Jerusalem’s Religious Status Quo: Erosion and Future Implications


Michele Dunne

Executive Director

Franciscan Action Network

Nazmi Al Jubeh

Associate Professor of History and Archaeology

Birzeit University

Daniel Seidemann

Israeli Attorney Specializing in Israeli-Palestinian Relations in Jerusalem


Charles W. Dunne

Non-resident Fellow

Arab Center Washington DC

About the Webinar

On September 20, Arab Center Washington DC (ACW) hosted a webinar titled Jerusalem’s Religious Status Quo: Erosion and Future Implications.” Panelists were Michele Dunne, Executive Director at the Franciscan Action Network; Nazmi Al Jubeh, Associate Professor of History and Archaeology at Birzeit University; and Daniel Seidemann, Israeli Attorney Specializing in Israeli-Palestinian Relations in Jerusalem. Charles W. Dunne, Nonresident Fellow at Arab Center Washington DC, moderated the event.

Nazmi Al Jubeh discussed the fact that there are essentially two different Status Quos, one established during the Ottoman era and then perpetuated under the British Mandate for Palestine, and a de facto Status Quo that is “a form of expansion of regulations on holy sites.” He also spoke about ongoing Israeli government interference, and about the deterioration of the Status Quo following the 1967 Israeli occupation of East Jerusalem due to several Israeli activities and initiatives.

  • On the Status Quo after the 1967 Israeli occupation of East Jerusalem, Al Jubeh said, “We are living a continuous deterioration of the Status Quo, both de facto and de jure.”
  • On the fact of increased religious conflict over the site of the Al-Aqsa Mosque compound, Al Jubeh stated, “This is the place where we are going to have peace or bloody religious conflict in the future…. It is in the hands of the Israelis to decrease or increase this conflict over the site.”

Daniel Seidemann spoke about the Status Quo governing the Al-Aqsa Mosque compound and how the notion of religious equilibrium is increasingly being violated by the Temple Mount movement, by American policy under former President Trump, by biblically-minded settlers in East Jerusalem, and by what Seidemann called “Israeli nationalistic triumphalism.”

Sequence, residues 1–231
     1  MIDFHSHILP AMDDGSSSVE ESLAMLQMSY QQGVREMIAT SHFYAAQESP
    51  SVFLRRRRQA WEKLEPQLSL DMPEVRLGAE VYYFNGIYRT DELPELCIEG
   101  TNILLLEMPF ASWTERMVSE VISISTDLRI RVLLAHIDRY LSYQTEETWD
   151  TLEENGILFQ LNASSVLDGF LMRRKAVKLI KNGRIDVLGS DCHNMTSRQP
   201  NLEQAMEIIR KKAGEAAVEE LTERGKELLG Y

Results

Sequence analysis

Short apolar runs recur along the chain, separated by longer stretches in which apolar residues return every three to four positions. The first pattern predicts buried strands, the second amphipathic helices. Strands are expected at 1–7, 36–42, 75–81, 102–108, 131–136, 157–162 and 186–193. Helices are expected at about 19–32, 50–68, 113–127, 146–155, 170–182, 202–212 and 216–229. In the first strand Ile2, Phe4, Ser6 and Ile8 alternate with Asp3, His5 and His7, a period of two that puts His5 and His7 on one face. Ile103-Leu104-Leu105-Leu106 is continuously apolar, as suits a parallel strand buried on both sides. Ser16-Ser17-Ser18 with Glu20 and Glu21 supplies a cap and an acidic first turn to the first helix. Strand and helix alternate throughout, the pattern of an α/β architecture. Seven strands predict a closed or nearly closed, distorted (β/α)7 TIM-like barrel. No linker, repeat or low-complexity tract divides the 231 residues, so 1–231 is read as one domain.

• On the increase in violations of the Status Quo, especially since 2017, Seidemann said that it represents “the Trump plan writ large: the fragmentation of Palestinian East Jerusalem, the denationalization of the Palestinians, and the marginalization of Christian and Muslim equities.”
  • On recent developments affecting the future of the Status Quo, Seidemann argued that, “What we are witnessing is a grave threat to the very character of Jerusalem. It is a grave threat to the nature of the conflict. It is a grave threat to local, regional, and global stability, and will certainly make the already challenging prospect of a political agreement less and less achievable.”

Michele Dunne focused her comments on Jerusalem’s diverse Christian communities, on rising instances of disputes between Christian leaders and the Israeli government, and on Israeli settler organizations’ purposeful targeting of Christian populations and holy sites, especially in East Jerusalem and on the Mount of Olives.

  • On the relationship between Christian leaders and Israel, Dunne stated that there has recently been “a pattern of noticeable deterioration in relations between Christian Church leaders…and the Israeli government.
  • On the Israeli government’s concern with other stakeholders in Jerusalem, Dunne said, “There’s this sense that the Israeli government is much less concerned than it was at an earlier time, much less concerned about being deferential to Christian as well as Muslim authorities, much less concerned about creating the impression that the Israeli government is a responsible custodian of holy places and that it will respect the religious plurality of Jerusalem.”


Tuesday September 20, 2022